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Little Lord Fauntleroy Frances Hodgson Burnett

Chapter IV

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Lord Fauntleroy sprang at her with a gay little shout.

"Did you get here, Mary?" he said. "Here's Mary, Dearest," and he kissed the maid on her rough red cheek.

"I am glad you are here, Mary," Mrs. Errol said to her in a low voice. "It is such a comfort to me to see you. It takes the strangeness away." And she held out her little hand, which Mary squeezed encouragingly. She knew how this first "strangeness" must feel to this little mother who had left her own land and was about to give up her child.

The English servants looked with curiosity at both the boy and his mother. They had heard all sorts of rumors about them both; they knew how angry the old Earl had been, and why Mrs. Errol was to live at the lodge and her little boy at the castle; they knew all about the great fortune he was to inherit, and about the savage old grandfather and his gout and his tempers.

"He'll have no easy time of it, poor little chap," they had said among themselves.

But they did not know what sort of a little lord had come among them; they did not quite understand the character of the next Earl of Dorincourt.

He pulled off his overcoat quite as if he were used to doing things for himself, and began to look about him. He looked about the broad hall, at the pictures and stags' antlers and curious things that ornamented it. They seemed curious to him because he had never seen such things before in a private house.

"Dearest," he said, "this is a very pretty house, isn't it? I am glad you are going to live here. It's quite a large house."

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It was quite a large house compared to the one in the shabby New York street, and it was very pretty and cheerful. Mary led them upstairs to a bright chintz-hung bedroom where a fire was burning, and a large snow-white Persian cat was sleeping luxuriously on the white fur hearth-rug.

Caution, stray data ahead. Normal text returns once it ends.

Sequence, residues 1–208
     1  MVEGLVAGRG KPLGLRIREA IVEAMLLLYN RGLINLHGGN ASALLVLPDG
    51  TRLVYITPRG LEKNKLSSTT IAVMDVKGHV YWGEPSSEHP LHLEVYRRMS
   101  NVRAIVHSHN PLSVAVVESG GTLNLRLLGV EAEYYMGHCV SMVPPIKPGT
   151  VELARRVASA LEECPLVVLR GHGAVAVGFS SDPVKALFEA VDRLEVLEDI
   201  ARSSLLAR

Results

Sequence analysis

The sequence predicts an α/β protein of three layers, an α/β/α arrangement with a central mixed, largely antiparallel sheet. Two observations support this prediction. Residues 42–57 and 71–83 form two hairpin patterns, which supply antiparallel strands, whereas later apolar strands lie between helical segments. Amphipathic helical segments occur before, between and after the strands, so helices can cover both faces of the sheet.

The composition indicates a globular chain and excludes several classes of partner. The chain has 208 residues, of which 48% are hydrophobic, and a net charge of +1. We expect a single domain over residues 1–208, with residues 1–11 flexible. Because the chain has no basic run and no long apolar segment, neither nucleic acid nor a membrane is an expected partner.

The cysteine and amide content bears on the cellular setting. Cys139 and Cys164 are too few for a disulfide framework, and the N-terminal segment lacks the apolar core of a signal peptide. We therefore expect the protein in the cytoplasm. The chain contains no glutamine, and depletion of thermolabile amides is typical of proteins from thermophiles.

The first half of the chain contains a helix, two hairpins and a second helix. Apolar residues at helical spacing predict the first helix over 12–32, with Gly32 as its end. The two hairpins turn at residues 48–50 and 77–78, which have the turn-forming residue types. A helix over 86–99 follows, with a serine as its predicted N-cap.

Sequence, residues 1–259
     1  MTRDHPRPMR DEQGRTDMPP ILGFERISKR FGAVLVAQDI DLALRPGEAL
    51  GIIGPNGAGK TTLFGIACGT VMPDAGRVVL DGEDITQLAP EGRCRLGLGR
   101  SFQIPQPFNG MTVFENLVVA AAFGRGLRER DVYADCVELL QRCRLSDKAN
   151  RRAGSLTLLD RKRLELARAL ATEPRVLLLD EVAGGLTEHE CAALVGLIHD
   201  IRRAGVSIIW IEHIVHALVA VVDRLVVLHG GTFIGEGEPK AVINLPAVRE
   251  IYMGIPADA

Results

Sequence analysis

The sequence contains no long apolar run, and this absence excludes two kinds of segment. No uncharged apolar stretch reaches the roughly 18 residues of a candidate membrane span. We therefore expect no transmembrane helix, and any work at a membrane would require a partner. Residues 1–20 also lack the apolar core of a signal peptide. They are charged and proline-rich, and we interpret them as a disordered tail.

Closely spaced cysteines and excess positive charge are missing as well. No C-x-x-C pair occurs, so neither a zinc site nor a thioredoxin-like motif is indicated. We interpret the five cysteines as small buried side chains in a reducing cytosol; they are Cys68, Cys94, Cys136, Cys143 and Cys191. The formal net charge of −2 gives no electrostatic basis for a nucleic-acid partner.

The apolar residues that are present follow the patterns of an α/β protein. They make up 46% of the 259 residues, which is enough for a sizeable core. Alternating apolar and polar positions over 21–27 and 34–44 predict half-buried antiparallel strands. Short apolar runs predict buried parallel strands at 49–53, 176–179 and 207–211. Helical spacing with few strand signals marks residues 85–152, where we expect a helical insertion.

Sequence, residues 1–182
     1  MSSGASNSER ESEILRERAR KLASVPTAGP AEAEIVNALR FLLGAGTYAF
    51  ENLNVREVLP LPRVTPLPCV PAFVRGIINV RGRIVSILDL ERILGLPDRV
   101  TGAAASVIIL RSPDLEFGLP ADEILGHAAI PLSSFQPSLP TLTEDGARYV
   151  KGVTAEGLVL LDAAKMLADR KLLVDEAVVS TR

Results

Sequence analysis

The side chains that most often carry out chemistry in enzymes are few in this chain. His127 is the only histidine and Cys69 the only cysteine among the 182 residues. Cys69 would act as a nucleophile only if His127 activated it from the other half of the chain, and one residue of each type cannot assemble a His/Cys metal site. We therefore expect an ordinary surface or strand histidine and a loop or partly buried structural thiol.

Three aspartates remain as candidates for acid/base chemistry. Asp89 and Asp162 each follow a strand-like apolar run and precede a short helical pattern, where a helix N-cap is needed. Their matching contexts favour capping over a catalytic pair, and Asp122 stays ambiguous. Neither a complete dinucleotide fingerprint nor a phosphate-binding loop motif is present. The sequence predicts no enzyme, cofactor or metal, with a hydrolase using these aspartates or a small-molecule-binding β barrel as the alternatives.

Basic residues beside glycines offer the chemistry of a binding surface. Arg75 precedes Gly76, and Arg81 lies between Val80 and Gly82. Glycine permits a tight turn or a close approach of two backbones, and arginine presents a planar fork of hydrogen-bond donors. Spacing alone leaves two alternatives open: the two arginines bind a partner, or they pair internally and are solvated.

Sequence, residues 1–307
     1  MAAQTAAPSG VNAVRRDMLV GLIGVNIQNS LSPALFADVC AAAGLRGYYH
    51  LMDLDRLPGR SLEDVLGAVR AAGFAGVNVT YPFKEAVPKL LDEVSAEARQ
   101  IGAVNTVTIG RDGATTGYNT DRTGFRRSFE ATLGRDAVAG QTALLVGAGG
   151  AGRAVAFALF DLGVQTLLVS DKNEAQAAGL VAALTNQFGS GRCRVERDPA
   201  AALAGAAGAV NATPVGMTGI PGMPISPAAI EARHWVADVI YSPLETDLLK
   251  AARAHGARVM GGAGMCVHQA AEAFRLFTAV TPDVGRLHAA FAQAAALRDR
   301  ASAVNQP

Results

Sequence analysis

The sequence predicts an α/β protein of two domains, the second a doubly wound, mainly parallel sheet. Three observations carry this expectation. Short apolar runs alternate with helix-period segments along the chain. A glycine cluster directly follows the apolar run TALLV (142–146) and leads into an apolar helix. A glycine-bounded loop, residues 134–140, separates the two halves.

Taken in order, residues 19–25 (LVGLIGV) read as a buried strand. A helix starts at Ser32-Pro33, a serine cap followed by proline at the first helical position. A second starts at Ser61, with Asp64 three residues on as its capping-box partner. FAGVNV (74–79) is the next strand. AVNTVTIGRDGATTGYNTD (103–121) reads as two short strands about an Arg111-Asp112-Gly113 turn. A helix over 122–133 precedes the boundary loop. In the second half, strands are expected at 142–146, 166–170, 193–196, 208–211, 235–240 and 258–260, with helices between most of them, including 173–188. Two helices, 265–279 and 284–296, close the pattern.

"It was the house-kaper up at the Castle, ma'am, sint her to yez," explained Mary. "It's herself is a kind-hearted lady an' has had iverything done to prepar' fur yez. I seen her meself a few minnits, an' she was fond av the Capt'in, ma'am, an' graivs fur him; and she said to say the big cat slapin' on the rug moight make the room same homeloike to yez. She knowed Capt'in Errol whin he was a bye--an' a foine handsum' bye she ses he was, an' a foine young man wid a plisint word fur every one, great an' shmall. An' ses I to her, ses I: `He's lift a bye that's loike him, ma'am, fur a foiner little felly niver sthipped in shoe-leather."'

When they were ready, they went downstairs into another big bright room; its ceiling was low, and the furniture was heavy and beautifully carved, the chairs were deep and had high massive backs, and there were queer shelves and cabinets with strange, pretty ornaments on them. There was a great tiger-skin before the fire, and an arm-chair on each side of it. The stately white cat had responded to Lord Fauntleroy's stroking and followed him downstairs, and when he threw himself down upon the rug, she curled herself up grandly beside him as if she intended to make friends. Cedric was so pleased that he put his head down by hers, and lay stroking her, not noticing what his mother and Mr. Havisham were saying.

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Little Lord Fauntleroy
Frances Hodgson Burnett

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